Music Licensing for Business in Norway

Playing music in a business is a little different from listening to music at home. Since you're playing for an audience with a business and commercial purpose, you will need different licenses from TONO and Gramo.

Oslo Cafe with Outdoor Seating

Music Licenses in Norway

Businesses need three different rights to legally play music in their physical venue.

  • record icon

    Recording Rights

    Recording Rights

    This covers the right to use a specific recording of a song and compensates the recording artist.

  • Music Notes

    Publishing Rights

    Publishing Rights

    This covers the right to use the original composition and compensates the songwriters and composers.

  • Open store

    Public Performance Rights

    Public Performance Rights

    This allows you to play the song in a public environment.

Soundtrack Your Brand covers the first two licenses, and in Norway, public performance licenses are obtained through TONO and Gramo.

For information on music licensing in another country, please click here.

Soundtrack Your Brand

The Value of Soundtrack

We offer a licensed music service for commercial use, with great features such as scheduling tools and an explicit filter.

Soundtrack Your Brand is able to provide this via direct relationships with publishers, performing rights organizations and record labels (including Universal Music Group, Sony Music Entertainment, Warner Music Group and more).

Our technology allows royalties to be fairly and accurately distributed back to music creators. Our Unlimited tier provides royalty payments that are approximately 5 times higher than those from streaming services for private use.

Playing Music at home

Unsupported Services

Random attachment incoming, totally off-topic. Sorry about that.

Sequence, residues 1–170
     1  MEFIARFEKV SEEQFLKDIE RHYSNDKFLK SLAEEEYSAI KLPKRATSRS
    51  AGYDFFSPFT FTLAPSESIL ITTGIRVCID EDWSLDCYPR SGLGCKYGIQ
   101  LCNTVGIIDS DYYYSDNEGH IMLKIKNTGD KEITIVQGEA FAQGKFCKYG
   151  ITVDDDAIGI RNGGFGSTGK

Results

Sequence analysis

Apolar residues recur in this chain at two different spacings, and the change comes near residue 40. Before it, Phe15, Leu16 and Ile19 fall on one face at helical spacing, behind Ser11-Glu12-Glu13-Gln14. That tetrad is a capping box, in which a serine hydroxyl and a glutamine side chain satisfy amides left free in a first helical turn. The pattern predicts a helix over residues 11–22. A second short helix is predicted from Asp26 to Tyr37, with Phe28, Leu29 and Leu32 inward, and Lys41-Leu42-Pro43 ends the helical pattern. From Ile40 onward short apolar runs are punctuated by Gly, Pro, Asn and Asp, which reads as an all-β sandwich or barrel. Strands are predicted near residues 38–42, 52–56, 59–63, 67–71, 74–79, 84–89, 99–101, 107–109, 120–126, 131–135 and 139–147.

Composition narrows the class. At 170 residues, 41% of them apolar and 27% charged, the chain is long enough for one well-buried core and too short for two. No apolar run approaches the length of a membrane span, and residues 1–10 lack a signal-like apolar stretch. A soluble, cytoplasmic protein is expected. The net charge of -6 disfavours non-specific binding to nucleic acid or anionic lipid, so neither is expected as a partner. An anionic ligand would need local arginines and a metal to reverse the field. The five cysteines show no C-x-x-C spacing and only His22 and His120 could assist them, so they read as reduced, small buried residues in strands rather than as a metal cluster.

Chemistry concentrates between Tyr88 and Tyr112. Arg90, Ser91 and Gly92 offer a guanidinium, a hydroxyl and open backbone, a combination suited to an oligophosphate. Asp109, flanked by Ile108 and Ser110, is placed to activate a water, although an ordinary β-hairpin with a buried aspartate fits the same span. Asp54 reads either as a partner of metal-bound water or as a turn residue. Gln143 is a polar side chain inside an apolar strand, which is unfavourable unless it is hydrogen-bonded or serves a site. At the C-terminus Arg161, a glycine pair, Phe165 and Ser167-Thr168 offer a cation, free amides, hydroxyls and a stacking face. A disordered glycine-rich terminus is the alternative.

Services such as Spotify, Apple Music, YouTube Music, Amazon Music, Tidal and Deezer are not suitable for use in business. These platforms are for personal, private use only - it is not legal to use them when playing music to an audience and you could risk being faced with a fine.

"You can’t broadcast or play Spotify publicly from a business, such as bars, restaurants, schools, stores, salons, dance studios, radio stations, etc. To play in a commercial environment, check out our friends at Soundtrack Your Brand."

Spotify Support Page

Steps to become fully licensed in Norway

1) Trial Soundtrack

Start our 14 day free trial to use our properly licensed business music service immediately. No payment or commitment required.

2) Get a Public Performance License

If you don't have licenses from TONO and Gramo, please visit their websites to get your licenses.

3) Subscribe to Soundtrack

Enjoy the world's best business music service while staying fully compliant. Select a plan and add your payment details to officially join Soundtrack.

More Information about Music Licensing in Norway


In Norway, businesses may require licenses from two individual Oslo based organizations, Tono and Gramo. The difference in focus is simple - Tono distributes royalties to the songwriters of a track and to the publishers who hold rights to the song, whereare Gramo distributes royalties to creators who have sung, played and released the music.





Tono, the Norwegian Society of Composers, Authors and Music Publishers or Norsk Toneuhonorering has existed since 1928. As a non-profit organization, it acts on behalf of over 40,000 songwriters, composers, lyricists and music publishers. Tono has agreements with 78 similar societies around the world, to ensure that Norwegian creators are fairly compensated.

In 1989, Gramo was formed. Over 42,000 artists, musicians and record labels are members of the organization, which enables them to be paid when their music is played in a public space or on the radio.

How to get a license in Norway

Tono and Gramo both list different tariffs and rates online, as well as offering the option to enquire about applying for a license. However, it is not yet possible to purchase an instant license from either organization.

Businesses will often need to establish separate music licenses with Tono and Gramo, as it is often the case that creators are paid by both organizations for the same track.